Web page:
Parkinson’s disease and depression


Depression is one of the common non-motor symptoms of Parkinson’s disease; with as many as 50 per cent of people with Parkinson’s experiencing the symptoms of clinical depression at some stage of the disease.

Although living with Parkinson’s can certainly be challenging, and the diagnosis can be frightening at first, depression in people with Parkinson’s may be caused by the chemical and physical changes in the area of the brain that affect mood, as well as movement. In fact, depression may be an early symptom of the disease, with some people experiencing depression up to a decade or more before experiencing any motor symptoms of Parkinson’s.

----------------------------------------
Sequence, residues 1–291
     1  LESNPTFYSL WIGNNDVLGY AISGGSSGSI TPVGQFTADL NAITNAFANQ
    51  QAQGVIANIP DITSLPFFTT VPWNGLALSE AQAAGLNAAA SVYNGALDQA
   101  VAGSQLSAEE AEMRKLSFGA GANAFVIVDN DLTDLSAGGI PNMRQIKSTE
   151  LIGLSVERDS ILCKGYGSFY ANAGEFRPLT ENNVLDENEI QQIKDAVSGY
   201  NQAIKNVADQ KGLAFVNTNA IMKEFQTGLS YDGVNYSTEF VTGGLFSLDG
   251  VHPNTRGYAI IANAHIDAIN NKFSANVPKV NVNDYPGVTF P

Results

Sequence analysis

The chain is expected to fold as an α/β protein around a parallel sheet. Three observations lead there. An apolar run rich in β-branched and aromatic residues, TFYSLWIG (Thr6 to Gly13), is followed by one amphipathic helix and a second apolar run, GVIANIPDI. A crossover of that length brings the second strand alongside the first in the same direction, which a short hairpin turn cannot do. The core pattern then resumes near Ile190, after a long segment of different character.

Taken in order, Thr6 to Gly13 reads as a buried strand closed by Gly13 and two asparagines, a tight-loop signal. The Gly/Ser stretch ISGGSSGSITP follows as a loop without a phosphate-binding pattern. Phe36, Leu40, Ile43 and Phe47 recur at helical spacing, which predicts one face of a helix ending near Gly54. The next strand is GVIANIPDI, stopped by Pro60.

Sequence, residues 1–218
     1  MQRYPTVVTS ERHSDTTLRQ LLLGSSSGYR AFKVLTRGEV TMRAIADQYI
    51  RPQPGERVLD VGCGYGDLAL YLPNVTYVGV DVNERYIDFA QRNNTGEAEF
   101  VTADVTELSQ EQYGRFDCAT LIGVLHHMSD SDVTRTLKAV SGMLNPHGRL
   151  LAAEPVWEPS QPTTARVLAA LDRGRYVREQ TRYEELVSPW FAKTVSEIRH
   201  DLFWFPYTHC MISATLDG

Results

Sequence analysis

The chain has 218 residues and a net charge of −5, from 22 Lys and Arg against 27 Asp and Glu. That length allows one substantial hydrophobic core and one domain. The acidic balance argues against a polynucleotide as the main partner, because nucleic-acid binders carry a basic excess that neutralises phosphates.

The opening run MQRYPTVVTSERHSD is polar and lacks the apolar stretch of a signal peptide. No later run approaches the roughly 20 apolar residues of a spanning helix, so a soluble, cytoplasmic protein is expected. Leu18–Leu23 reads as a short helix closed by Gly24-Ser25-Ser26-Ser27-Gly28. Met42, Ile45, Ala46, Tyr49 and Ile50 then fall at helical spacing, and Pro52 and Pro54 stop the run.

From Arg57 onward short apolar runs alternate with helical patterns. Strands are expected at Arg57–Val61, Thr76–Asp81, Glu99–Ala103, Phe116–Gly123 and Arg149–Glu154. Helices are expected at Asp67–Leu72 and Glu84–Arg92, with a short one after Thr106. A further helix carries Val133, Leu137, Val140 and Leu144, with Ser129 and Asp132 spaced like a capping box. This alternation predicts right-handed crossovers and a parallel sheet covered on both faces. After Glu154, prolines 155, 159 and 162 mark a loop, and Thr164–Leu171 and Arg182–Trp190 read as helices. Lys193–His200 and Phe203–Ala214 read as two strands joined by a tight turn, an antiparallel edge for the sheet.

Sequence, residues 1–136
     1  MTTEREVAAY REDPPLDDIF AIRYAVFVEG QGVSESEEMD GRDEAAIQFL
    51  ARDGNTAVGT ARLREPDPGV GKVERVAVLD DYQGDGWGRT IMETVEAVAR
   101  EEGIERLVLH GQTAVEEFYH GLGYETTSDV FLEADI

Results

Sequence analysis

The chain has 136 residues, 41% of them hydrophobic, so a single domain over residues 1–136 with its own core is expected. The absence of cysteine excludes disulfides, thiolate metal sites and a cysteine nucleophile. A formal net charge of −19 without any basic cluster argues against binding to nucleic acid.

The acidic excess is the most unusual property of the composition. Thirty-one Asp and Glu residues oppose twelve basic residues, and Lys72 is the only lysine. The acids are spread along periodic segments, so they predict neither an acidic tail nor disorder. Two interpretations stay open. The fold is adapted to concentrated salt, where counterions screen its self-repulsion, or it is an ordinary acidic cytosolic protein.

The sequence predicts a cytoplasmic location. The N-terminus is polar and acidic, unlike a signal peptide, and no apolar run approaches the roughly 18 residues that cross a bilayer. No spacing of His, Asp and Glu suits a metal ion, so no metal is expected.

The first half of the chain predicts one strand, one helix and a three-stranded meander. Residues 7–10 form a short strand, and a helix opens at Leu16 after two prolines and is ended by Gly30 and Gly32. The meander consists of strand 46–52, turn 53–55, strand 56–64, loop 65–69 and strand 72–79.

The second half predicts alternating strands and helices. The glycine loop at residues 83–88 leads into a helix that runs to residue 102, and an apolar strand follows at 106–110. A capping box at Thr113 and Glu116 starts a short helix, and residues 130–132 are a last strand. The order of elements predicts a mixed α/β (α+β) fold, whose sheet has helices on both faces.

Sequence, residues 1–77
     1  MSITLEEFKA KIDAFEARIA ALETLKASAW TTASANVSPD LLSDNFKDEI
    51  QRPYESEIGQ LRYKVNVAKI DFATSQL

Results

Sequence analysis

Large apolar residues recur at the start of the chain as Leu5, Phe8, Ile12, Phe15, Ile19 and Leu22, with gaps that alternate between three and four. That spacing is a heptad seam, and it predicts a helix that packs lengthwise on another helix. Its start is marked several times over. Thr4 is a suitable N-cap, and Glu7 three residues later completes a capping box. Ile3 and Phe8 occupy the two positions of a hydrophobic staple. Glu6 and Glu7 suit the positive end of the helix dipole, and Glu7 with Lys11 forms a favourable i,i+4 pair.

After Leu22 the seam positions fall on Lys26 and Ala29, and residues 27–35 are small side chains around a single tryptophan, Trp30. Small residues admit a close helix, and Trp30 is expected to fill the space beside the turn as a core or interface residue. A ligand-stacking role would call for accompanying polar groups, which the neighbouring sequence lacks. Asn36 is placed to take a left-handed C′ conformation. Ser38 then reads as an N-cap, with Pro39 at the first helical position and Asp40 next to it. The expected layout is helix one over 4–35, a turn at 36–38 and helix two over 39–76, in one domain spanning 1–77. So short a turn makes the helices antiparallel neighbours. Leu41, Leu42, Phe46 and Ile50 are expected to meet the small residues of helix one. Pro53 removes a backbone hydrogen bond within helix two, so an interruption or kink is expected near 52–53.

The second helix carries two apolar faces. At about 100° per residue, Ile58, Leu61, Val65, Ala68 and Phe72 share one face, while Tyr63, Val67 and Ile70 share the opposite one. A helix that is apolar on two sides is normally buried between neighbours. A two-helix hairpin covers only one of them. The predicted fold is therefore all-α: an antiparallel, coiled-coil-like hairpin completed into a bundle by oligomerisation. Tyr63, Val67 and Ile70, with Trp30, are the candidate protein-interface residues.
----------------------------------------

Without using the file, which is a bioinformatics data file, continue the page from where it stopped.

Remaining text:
Depression can be one of the most disabling symptoms of the disease. But, it is important to know it can be treated. As much as possible, remain socially engaged and physically active. Resist the urge to isolate yourself. You may want to consult a psychologist and there are medications that help relieve depression in people with Parkinson’s, including nortriptyline and citalopram (Celexa.)

For more information, refer to our Guide to the Non-Motor Symptoms of Parkinson’s Disease.

For information and support on living well with Parkinson's disease, call our toll-free Information and Referral line at 1-800-565-3000 or contact a regional office near you.